But even though the Agreement expressly provides that it is not modifiable based upon subsequent unconscionability, the controlling question concerns enforcement rather than modification of the Agreement. Thus, the family court’s focus on whether the Agreement was conscionable at the time it was entered is not the appropriate inquiry. Furthermore, we disagree with the family court that the absence of an express provision allowing for termination of maintenance based on Mary’s cohabitation should be so strictly construed against Phillip under these circumstances.
In Combs v. Combs, 787 S.W.2d 260 (Ky. 1990), our Supreme Court examined the effect of a maintenance recipient’s cohabitation on continued maintenance payments. The Court noted that KRS 403.250(2) provided for termination of maintenance upon the death of either party or the remarriage of the party receiving maintenance, “[u]nless otherwise agreed in writing or expressly provided in the decree, ․” Notwithstanding this provision, the Court concluded that the receiving spouse’s cohabitation can render continued maintenance “unconscionable” if the nature of the cohabitation constitutes a new financial resource. Id. at 262. The Court set out set out a six-factor test for analyzing whether the cohabitation of a spouse who is receiving maintenance entitles the obligor to a termination of maintenance. Although each case should stand on its own merits, the family court should look to: (1) the duration of the relationship; (2) the economic benefit to the receiving spouse from the relationship; (3) the intention of the parties' – i.e., whether the cohabiting spouse is avoiding remarriage to keep maintenance; (4) the nature of the living arrangements; (5) the nature of the financial arrangements; and (6) the likelihood of a continued relationship. Id. The payor spouse’s financial circumstances do not play any role in this consideration. Id. at 263.
We recognize that Combs involved a modification of maintenance for unconscionability under KRS 403.250(1), and the Agreement expressly provides that it is non-modifiable for subsequent unconscionability. However, “[t]here is something distasteful in requiring one to subsidize a former spouse, in his or her subsequent cohabitation.” Id. at 261, (quoting Lydic v. Lydic, 664 S.W.2d 941, 943 (Ky. App. 1983) (Miller, J., dissenting) ). Consequently, we cannot agree with the family court that Mary can avoid the termination provisions set out in the Agreement simply by cohabiting with her boyfriend without benefit of marriage. Such an interpretation goes beyond being merely a “bad bargain” for Phillip and becomes unreasonable and oppressive.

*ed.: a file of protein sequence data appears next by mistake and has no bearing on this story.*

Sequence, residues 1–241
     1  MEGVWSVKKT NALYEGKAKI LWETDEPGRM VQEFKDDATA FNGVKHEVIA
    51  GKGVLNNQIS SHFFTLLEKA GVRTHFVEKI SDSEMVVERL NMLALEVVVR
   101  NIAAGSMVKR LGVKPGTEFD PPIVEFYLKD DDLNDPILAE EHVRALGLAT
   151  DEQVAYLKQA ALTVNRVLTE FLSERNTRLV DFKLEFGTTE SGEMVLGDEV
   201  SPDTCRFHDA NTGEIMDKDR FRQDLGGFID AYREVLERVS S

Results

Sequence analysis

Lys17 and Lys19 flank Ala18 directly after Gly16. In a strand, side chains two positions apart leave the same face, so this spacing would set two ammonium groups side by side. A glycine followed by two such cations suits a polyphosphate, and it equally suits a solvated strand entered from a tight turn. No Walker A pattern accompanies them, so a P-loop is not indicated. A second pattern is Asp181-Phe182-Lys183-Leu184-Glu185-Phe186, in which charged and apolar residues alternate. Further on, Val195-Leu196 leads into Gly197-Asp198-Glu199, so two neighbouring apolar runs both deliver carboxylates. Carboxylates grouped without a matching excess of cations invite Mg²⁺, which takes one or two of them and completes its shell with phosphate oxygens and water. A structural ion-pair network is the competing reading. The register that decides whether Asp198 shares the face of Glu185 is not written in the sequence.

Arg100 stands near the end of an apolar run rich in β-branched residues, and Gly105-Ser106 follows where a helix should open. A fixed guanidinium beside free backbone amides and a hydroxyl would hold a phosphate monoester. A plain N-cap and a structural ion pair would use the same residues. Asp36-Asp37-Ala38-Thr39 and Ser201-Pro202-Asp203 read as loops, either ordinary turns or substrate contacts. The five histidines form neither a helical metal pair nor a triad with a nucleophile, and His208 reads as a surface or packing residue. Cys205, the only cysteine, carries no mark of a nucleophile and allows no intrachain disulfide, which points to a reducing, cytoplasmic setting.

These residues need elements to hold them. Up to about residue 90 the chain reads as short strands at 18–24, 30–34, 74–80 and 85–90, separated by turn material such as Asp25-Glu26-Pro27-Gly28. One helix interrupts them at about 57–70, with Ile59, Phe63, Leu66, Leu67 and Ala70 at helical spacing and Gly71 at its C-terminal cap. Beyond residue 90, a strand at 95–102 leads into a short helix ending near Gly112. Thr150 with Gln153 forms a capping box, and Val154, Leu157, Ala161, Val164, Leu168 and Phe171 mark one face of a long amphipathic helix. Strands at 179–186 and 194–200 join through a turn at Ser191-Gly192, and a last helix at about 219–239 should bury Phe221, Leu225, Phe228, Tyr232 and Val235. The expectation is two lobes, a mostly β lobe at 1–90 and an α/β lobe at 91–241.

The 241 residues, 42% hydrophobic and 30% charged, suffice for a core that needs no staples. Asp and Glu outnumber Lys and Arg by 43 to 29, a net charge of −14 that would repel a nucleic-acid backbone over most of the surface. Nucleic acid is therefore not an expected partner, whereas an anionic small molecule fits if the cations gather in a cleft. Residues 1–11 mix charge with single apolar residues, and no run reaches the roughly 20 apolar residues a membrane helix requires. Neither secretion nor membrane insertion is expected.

As the party seeking to terminate maintenance, Phillip bears the burden of proving that Mary’s cohabitation constitutes a continuing circumstance warranting modification under the terms of the Agreement. Bickel v. Bickel, 95 S.W.3d 925, 929 (Ky. App. 2002). However, we conclude that the family court clearly erred in finding that Mary’s alleged cohabitation was not a ground to terminate maintenance under the terms of the Agreement. Likewise, we conclude that the family court clearly erred in finding that the provisions regarding maintenance could only be set aside on a showing of fraud in the inducement. Based on these findings, the family court did not address whether the facts surrounding Mary’s cohabitation would be grounds to terminate maintenance. Therefore, we must remand this matter for additional findings of fact and conclusions of law as set forth in Combs, supra.
Accordingly, we affirm the order of the Jefferson Family Court in part, reverse in part, and remand for additional findings of fact and conclusions of law as set forth in this opinion.
1. Kentucky Revised Statutes.
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Docket No: NO. 2017-CA-000071-MR
Decided: November 30, 2018
Court: Court of Appeals of Kentucky.